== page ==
Any severe domestic volatility has the potential to force sweeping governmental actions; including financial reform. 2 Against this backdrop, investors need alternative venues to diversify their RMB exposures. The growing appetite for dim sum bonds of overseas institutional nvestors (including central banks), some of whom already have access to the mainland bond market (through QFII scheme), can be seen as a result of such risk- Dim sum bonds, notably, are being issued by not only mainland entities but also multilateral companies as well as international institutions, such as the World Bank and the Asian Development Bank.

This underscores the fact that the offshore RMB market is, to an increasing extent, functioning as a platform for RMB financial activities conducted among non-Chinese residents. Renault, a French automaker, sold a three-year dim sum bond earlier this year, 45% of which were taken up investors utside of Hong Kong. The offshore RMB market is, to an increasing extent, functioning as a platform for RMB financial activities conducted among non-Chinese residents Meanwhile, banks in Hong Kong are extending RMB credit lines to customers.

The outstanding RMB loan stands at RMB88 bn, from virtually zero three years ago (Chart 3). Such rapid growth of financing activities are the result of several encouraging policies, including allowing non-residents to borrow RMB (see “CNH: More than just “non-resident conchart 3: Offshore RMB loan outstanding version”, 13 Aug 2012) RMB bn and liberalizing banks’ RMB net open positions nd statutory liquidity requirement. The Treasury Markets Association also intr060 duced CNH HIBOR fixing recently.

This provides a benchmark to price loan facilities and facili20 tates the development of offshore RMB interest rate swap market. As the market deepens 2010 2011 2012 2013 YTD and a greater variety of RMB products become available, more RMB intermediation within the offshore markets will be seen. Adding borrowing in the RMB going forward will be less discouraged by the previous one- way expectations on the exchange rate. Other offshore RMB centers also possess respective long term edges.

Singapore, as a ateway to ASEAN and a commodities hub, could facilitate RMB-denominated trade across the region. For instance, an Indonesian mining company may settle its trade with a Malaysian customer in RMB as long as doing so enables them to lower transaction costs or manage currency risks better. In 2012, ASEAN surpassed Japan to become China’s No. 2 importing region (Chart 4). The RMB liquidity generated from trade flow, alongside the RMB acquired from swap lines signed with Beijing, could potentially be used in third-party transactions (see “CNH: Singapore and Taiwan style”, 19 Feb 2013).

Likewise, London, the largest handler of the world’s RMB ayments outside China and Hong Kong, can develop a “western RMB hub” by facilitating thirdparty use in the pan-European region. Given the significant difference in time zone, London’s role is complementary to Hong Kong and Singapore by allowing longer trading hours for businesses in EMEA (Europe, the Middle East and Africa) and beyond. 3 Chart 4: ASEAN surpassed Japan as China’s No. import source USD mn 250,000 China’s imports from ASEAN China’s imports from EIJ 200,000 China’s imports from Japan 1 50,000 Singapore and London could facilitate third-party RMB use ASEAN and Europe respectively 1 oo,ooo 50,000 2001 003 2005 2006 2007 2009 Conclusion Historical experience has shown that onshore deregulation did not interrupt the growth of the offshore markets. Non-US residents, private and official alike, reveal strong preference for doing dollar business in the Eurodollar market.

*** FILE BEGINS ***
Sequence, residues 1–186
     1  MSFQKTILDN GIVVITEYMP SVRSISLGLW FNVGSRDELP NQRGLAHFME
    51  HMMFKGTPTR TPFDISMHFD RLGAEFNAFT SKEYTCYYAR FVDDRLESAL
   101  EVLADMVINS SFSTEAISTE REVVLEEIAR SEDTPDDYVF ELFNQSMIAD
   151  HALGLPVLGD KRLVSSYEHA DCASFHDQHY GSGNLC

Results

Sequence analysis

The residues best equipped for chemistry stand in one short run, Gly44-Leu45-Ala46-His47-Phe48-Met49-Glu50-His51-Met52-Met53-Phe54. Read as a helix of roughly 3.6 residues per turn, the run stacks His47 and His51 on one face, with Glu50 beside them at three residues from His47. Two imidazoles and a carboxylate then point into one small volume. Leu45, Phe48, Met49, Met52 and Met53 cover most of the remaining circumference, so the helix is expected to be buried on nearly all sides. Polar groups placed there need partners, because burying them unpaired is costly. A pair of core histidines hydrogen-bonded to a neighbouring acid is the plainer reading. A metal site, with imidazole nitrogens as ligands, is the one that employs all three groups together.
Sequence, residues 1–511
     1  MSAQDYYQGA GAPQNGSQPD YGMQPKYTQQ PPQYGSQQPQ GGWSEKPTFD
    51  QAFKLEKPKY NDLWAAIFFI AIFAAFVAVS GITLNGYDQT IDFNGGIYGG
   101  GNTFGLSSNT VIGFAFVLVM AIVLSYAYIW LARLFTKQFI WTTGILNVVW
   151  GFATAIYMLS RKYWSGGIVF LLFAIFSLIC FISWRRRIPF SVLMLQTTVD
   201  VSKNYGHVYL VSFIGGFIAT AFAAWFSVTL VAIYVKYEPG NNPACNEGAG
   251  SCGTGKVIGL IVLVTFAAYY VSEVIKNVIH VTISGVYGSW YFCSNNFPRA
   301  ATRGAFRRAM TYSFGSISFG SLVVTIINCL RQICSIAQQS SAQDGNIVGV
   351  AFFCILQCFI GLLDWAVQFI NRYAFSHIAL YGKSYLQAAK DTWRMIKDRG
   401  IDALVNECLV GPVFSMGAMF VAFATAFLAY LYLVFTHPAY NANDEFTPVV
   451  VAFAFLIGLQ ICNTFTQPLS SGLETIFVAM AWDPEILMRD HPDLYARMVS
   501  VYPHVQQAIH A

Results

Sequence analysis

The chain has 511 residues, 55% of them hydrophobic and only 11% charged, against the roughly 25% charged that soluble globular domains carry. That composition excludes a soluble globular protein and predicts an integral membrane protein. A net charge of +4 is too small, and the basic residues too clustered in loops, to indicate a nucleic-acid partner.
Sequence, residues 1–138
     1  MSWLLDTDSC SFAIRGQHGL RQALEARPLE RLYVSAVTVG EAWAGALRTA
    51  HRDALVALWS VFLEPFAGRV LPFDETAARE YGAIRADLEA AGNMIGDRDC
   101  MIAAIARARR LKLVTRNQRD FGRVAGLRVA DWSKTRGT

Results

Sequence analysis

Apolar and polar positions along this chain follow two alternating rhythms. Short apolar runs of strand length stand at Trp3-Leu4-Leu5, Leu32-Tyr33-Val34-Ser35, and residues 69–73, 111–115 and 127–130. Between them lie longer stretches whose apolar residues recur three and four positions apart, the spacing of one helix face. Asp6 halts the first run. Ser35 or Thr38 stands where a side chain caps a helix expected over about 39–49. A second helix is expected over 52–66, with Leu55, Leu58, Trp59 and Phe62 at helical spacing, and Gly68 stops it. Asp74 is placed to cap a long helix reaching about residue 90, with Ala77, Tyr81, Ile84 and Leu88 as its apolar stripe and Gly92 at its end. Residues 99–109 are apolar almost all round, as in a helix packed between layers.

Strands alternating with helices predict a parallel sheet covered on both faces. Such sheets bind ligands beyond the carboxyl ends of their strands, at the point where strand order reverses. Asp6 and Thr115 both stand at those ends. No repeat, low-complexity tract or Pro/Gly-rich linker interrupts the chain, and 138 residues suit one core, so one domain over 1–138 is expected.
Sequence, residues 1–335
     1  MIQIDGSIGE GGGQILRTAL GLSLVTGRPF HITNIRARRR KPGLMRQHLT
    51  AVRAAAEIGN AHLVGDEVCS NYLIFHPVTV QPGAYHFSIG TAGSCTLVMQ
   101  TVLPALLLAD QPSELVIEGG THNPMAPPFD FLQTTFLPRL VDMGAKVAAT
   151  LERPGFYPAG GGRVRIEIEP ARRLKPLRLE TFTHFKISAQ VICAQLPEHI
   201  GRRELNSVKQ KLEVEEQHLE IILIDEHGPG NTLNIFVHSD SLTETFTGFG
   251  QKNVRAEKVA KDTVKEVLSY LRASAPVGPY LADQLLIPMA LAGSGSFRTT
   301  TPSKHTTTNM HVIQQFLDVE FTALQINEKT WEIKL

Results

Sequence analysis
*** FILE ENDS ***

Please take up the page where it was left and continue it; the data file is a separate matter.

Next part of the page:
Such behavior prevailed even after US capital controls and key taxes were lifted. Third-party intermediation has since become the norm for the Eurodollar market. An inference is that the offshore RMB markets will increasingly play a similar role of intermediating among non-Chinese residents. The benefit of such positioning can persist in the long erm, even when the RMB becomes convertible. References Dong He and Robert McCauley (2010): “Offshore markets for the domestic currency: monetary and financial stability issues” BIS Working Papers No. 320.

Dong He and Robert McCauley (2012): “Eurodollar banking and currency internationalization” BIS Quarterly Review, June 2012. 4 Recent Research 26 sep 13 US Fed: too hot to trot? 24jun 13 CN: Shanghai Free Trade Zone & the reinvigoration of China VN: At easing’s end 21 Jun 13 TH, ID, PH: Roadmap to 2020 18 Jun 13 US: A pre-FOMC pulse-check 16 sep 13 Qtrly: Economics-Markets-strategy 3Q13 13 Jun 13 Qtrly: Economics-Markets-strategy 4Q13 2 sep 13 Asia property: How high the moon? US unemployment: call off the search CNH: Will Qianhai Jeopardize Hong Kong’s position? sep 13 Asia-vu 3: are we there yet? 5 sep 13 IN: Down to fiscal support 9 sep 13 4 sep 13 CN: Sino-South Korean economic relationship 29 May 13 CNH: Qianhai to offer CNH trust products 16 May 13 KR&TW: Examining the yen’s impact 17 Apr 13 9 Apr 13 8 Apr 13 5 Apr 13 IN: Where to inflation? 4 Apr 13 PH: Harnessing liquidity 3 Apr 13 US Treasuries: Expensive 19 Aug 13 JP: Abenomics – one achievement, three challenges SGD policy – a balancing act IN: Short-term focus, longer-term perils 29 Apr 13

MY: Sing-Iskandar: Creating synergies CN: Sino-Australian relationship reaching new highs CN: Deepening economic ties with Russia US: Excess capacity, no inflation 7 May 13 1 Apr 13 CNH: more than Just “non-resident conversion” track 16 Aug 13 TW: Coping with China’s transition 15 Aug 13 China: a blueprint for expanding RMB usage 7 Aug 13 Asia: new drivers, new risks – the impact of a slower China on regional economies and currencies 2 Aug 13 CNH: Key messages from the Sino-US Dialogue 30jul 13 CNH: PBoC relaxes rules for RMB crossborder activities 12 Jul 13 TW: Is Taiwan exiting China? 27 Mar 13 19 Aug 13 SG: Restructuring on